After multiple photographs, viewings of activity sheets, and thank yous, we ended our session with many learnings on how kids view their friendships and parental relationships.

You can see more pictures from the sessions on the StoryWeaver Flickr Account.

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Welcome to Kishanganj

Posted by Remya Padmadas on August 01, 2017

For the last 13 years, Pratham Books has published 300 titles in 18 languages and helped put them in the hands of 3 million children. But in a linguistically diverse country like India with 122 major languages and 1599 ‘other’ languages, achieving the mission of ‘a book in every child’s hand’ becomes a challenge.

StoryWeaver was envisioned as a means through which we could significantly scale the creation of joyful reading material for children in a language they’re fluent in, whether it’s a mainstream, minority, tribal or endangered language. These are languages that are traditionally overlooked by mainstream publishing. Since its launch, StoryWeaver has played a small but key role in the preservation of these languages, by providing language champions, teachers and authors a platform on which they can translate, create, download, print and share stories with ease and for free.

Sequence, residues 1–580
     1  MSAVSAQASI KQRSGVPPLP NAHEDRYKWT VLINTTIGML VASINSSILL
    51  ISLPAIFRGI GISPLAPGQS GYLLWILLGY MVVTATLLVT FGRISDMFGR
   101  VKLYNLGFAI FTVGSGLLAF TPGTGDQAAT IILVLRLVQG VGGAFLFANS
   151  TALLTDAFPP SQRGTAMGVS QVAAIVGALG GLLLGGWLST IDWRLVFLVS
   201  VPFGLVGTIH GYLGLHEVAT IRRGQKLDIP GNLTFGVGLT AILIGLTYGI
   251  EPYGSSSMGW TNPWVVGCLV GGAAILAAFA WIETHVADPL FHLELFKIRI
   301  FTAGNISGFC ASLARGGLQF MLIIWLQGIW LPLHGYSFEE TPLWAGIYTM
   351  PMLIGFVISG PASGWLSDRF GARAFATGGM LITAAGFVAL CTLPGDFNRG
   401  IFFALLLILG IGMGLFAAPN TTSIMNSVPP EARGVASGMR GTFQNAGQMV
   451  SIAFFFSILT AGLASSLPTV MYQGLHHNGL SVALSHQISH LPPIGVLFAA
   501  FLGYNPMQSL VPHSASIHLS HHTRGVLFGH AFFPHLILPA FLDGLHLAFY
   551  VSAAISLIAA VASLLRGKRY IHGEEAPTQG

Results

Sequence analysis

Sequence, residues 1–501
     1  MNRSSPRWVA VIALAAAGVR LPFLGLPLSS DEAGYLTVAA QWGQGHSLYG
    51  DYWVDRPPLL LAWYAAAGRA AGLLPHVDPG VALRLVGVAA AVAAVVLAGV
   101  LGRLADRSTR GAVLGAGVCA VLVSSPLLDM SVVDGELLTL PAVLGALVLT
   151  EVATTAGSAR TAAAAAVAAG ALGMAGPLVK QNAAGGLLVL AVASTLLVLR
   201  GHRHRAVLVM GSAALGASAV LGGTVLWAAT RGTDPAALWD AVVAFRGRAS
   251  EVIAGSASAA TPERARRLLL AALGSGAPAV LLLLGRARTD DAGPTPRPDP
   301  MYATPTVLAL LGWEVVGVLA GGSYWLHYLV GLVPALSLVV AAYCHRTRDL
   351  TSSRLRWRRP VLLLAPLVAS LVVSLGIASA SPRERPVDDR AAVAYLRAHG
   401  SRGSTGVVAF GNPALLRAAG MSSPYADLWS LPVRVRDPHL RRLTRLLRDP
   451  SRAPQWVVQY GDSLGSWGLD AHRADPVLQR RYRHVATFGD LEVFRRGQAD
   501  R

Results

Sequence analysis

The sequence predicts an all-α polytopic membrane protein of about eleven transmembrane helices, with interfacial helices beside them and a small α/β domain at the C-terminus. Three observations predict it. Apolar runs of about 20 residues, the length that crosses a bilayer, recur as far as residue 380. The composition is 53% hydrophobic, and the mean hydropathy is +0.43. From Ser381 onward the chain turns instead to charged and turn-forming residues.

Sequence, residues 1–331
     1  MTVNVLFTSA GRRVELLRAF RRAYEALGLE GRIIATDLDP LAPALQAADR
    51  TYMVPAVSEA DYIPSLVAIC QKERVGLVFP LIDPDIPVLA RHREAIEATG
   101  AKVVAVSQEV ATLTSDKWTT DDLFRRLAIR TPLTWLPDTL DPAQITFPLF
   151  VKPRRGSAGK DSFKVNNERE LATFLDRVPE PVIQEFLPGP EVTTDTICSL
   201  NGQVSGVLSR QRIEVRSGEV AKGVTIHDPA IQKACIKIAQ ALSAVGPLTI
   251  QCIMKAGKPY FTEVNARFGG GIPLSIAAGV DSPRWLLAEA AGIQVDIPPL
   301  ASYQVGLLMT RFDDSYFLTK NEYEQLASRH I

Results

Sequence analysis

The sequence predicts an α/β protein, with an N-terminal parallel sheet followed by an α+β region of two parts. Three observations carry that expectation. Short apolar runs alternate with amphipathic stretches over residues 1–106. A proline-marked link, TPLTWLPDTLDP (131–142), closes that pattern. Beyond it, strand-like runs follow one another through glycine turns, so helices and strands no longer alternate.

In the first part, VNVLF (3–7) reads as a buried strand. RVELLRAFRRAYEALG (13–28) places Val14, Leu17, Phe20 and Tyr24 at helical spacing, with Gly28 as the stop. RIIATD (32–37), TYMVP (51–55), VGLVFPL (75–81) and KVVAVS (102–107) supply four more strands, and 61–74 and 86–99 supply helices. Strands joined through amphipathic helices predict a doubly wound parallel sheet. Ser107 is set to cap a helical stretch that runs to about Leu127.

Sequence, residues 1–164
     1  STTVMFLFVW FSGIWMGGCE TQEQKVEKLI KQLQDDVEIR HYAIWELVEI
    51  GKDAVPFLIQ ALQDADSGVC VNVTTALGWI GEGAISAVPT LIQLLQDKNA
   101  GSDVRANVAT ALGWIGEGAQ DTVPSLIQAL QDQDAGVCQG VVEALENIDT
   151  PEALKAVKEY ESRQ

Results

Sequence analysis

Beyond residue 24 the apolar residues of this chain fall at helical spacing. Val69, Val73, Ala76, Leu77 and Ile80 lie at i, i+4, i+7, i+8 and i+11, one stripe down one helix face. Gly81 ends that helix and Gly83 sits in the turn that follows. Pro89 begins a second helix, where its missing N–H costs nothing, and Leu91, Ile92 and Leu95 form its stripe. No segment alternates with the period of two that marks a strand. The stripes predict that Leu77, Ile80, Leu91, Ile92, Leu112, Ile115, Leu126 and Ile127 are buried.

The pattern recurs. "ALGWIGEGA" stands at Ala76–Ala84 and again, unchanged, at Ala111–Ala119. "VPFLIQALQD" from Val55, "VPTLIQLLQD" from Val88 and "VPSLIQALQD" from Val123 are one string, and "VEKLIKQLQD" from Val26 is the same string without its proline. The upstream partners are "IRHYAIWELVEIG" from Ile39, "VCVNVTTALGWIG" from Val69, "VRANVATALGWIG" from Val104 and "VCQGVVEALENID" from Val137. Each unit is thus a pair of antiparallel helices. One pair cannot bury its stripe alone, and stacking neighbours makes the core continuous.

Surjapuri is a lesser known Bengali dialect is spoken in pockets of Bihar, West Bengal, Assam and Bangladesh by 1.2 million people. In Bihar, the language is spoken in Kishanganj, Katihar, Purnia and Araria districts.